Damage is 90’s comic insanity done right.  Issue #1 doesn’t have a whole lot of exposition, it just opens with carnage and destruction then ends with a tease.  The upcoming issue promises a brawl with the Suicide Squad, who is sent in after Damage once Amanda Waller sees the military (and Damage’s creator) fail to stop this “walking, talking weapon of mass destruction.”

Back in the day a lot of the time the first issue will just be a chaotic brush with death to get the reader excited about what is to come.  There would be exposition and story, but the focus was on showing us what the hero can actually do.  Damage does a good job at this and while it is certainly not thought-provoking and intellectual, it is insane, entertaining action.  Sometimes that’s all I want.  Comics do not necessarily have to be deep, they do not always have to start a conversation or represent any particularly meaningful political topic.  Many times, fans just want their comics to be fun.  Damage #1, in all of its muscle-headed madness, has me excited to see what’s ahead.  The thought of seeing this gray monstrosity face off for an hour with Harley Quinn and the gang in the next issue is enough to get me pretty excited.

The art in Damage is pretty solid, too.  At points the quality takes a sudden decline but it isn’t often enough to really hurt it.  Also, there were a few points where I thought the action could have been drawn to appear a little more dynamic.  That said, it looks great, you can tell what is going on, and the character Damage really does come off like a force to be reckoned with.  Also, the cover is 100% “Badassitude!”  Give this one a read if you want some dumb, chaotic, rampaging violence in your week!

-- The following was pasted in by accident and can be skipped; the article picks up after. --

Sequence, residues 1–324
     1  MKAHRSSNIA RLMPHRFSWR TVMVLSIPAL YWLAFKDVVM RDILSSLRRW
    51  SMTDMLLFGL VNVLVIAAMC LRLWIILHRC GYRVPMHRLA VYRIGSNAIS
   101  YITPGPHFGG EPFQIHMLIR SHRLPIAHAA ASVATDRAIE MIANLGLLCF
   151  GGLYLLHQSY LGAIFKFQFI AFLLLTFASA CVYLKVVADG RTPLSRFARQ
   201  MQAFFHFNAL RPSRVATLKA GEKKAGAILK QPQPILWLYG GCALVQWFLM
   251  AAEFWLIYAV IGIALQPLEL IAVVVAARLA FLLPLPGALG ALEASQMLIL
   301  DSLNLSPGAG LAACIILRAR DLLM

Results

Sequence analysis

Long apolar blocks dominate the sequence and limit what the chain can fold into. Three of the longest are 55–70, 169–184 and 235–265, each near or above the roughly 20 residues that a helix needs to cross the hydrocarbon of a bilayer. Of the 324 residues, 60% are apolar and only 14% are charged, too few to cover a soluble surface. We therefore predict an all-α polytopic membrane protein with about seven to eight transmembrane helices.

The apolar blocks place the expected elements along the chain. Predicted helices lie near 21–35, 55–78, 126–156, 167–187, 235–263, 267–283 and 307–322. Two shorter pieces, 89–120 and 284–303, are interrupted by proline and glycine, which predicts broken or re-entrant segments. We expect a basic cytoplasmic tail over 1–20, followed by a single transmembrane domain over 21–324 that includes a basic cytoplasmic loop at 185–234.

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Comic Review- Batman: White Knight #2

The Batman series has always been somewhat of a deconstruction of the superhero.  As the series progressed we’ve seen Batman as a noble father figure, a guardian of justice and as a vengeful, bitter and violent man.  All of these are reflexive of the writer at the time as while Superman is always good and always on the right side of things, Batman is a little more of a malleable character.  It’s possible to get away with writing a story where Batman is enraged and even outright dangerous and because of his character, we can believe it.

Right now, I’m seeing a few different iterations of Batman in my pull list.  One is the absent-yet-caring father of Damian, the brilliant and defiant Robin; the other is a distant, angry figure who will stop at nothing to take down the Joker.  The latter is the focus of Batman: White Knight, an eight-part series which puts Batman in the spotlight in an entirely different way.